SR isn't set (if not, the Tracefunction
will trace the BPs).
G <f> Go. Leave the monitor and go on at the
address specified by <f>.
GS <f> Calls a Subroutine. This routine has to
end with RTS to assure return to the
T+ (or T-) Set Trace control mode on (or off). During
Trace, the following functions are
SPACE Execute specified instruction
ESC Leave Trace mode and enter the
monitor. Back with "!G"
T Toggle T-flag of SR of processor.
This can also be done in normal
monitor mode, by "!R FT=1" or
"!R FT=0". Only when this flag is
set, the monitor will keep control
over the executed instructions
O Turns of output and key input.
The program will continue, and has
to return to the monitor by a BP
A Just like "O", but in this case
all functions are traced (inclu-
ding TRAP routines, etc.), since
the trace bit is set each time.
During disk operation, or when the
Interrupt mask is set to 7, the
instruction will not be traced,
because the trace bit isn't set
R Turns off the input and output,
until a subprogram returns
Templemon also knows some quite advanced register operations, for
which we will use the following conventions:
* Registers (<reg>) may be specified by D0,A7,SR,PC,SSP,USP, etc.
* F is the same as SR
* A7 represents either the SSP or USP; this depends on the S-bit
of the SR (whether it is set or not)
R Displays the register that was specified
R <reg> = <l> Sets <reg> to the value <l>.
R: <reg1> <reg2>... Sets up default Register diplay (e.g. for
R F<SR-Flag> = <v> Sets SR-flag to <v> (either 0 or 1). An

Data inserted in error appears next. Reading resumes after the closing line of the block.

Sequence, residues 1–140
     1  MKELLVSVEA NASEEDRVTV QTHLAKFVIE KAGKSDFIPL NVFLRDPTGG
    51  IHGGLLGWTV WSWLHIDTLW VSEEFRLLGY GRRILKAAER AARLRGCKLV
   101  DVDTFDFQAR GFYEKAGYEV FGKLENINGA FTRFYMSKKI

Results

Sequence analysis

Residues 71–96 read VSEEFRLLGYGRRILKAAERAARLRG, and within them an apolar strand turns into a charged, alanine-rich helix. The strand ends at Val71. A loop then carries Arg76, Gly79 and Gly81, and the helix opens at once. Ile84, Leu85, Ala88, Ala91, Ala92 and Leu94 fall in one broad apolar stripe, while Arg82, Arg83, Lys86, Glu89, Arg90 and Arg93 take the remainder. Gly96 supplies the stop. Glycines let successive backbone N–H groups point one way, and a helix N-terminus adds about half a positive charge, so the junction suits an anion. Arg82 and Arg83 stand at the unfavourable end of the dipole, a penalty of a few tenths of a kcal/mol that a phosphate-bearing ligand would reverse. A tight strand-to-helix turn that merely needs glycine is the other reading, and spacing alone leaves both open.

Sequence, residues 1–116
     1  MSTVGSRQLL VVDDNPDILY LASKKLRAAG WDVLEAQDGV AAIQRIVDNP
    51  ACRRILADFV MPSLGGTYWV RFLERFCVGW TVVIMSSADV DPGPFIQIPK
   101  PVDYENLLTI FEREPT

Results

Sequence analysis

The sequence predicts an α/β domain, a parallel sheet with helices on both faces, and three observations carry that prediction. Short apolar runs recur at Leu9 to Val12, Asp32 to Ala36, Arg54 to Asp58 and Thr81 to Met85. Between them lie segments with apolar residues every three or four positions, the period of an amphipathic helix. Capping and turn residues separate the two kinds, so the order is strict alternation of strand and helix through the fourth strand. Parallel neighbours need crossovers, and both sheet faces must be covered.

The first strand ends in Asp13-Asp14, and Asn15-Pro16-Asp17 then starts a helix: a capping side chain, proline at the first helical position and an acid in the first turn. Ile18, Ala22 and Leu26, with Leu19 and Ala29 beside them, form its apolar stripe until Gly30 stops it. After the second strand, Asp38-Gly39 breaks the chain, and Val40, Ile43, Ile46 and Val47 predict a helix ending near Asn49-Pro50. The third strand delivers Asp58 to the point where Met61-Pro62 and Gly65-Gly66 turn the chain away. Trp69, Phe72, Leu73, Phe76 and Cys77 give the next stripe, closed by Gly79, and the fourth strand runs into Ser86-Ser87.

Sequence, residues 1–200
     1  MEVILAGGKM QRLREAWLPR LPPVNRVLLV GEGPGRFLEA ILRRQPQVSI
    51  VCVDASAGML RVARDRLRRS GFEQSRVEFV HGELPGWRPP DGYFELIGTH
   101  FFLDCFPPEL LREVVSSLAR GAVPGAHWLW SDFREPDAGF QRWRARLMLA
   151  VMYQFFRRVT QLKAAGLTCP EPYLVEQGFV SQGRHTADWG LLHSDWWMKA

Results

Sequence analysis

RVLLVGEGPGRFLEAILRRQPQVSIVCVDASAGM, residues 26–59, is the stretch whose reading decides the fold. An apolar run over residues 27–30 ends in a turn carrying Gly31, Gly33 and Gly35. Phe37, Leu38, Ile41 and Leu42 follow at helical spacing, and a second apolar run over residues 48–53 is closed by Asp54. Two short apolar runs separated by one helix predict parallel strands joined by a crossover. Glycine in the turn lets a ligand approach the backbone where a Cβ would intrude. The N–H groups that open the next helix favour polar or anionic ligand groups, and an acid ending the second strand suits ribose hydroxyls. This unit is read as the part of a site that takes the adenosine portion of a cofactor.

example: "!R FC=1" sets the carry-flag.
P Clears the screen
Q Quits (Gemdos(0))
The following commands are added in version 1.3 onwards:
S <filename>,<f> <e> Saves memory from <f> to <e>-1 in a file.
P <filename> Opens a protocol file. All output will then
be sent to the screen, but also to that
file. Example: "P PRN:" will send all
output to screen, but also to the printer.
PC Close protocol file.
Thomas Tempelmann is currently working on a professional version
of this program, on a ROM module. If you want to receive a full
user manual of the PD program, as well as a 40 DM bonus on the
purchase of that professional version, you should send DM 40 to
him (to the address mentioned earlier in this article).
Please note that the program may only be spread through public
domain if it is accompanied in a folder by a "read me"-file, and a
program called "TRACE.TOS" as well as that's C-source file! It may
be ordered through our public domain service (read all about that
in the article about our Reader's Service, elsewhere in this
The text of the articles is identical to the originals like they appeared in old ST NEWS issues. Please take into consideration that the author(s) was (were) a lot younger and less responsible back then. So bad jokes, bad English, youthful arrogance, insults, bravura, over-crediting and tastelessness should be taken with at least a grain of salt. Any contact and/or payment information, as well as deadlines/release dates of any kind should be regarded as outdated. Due to the fact that these pages are not actually contained in an Atari executable here, references to scroll texts, featured demo screens and hidden articles may also be irrelevant.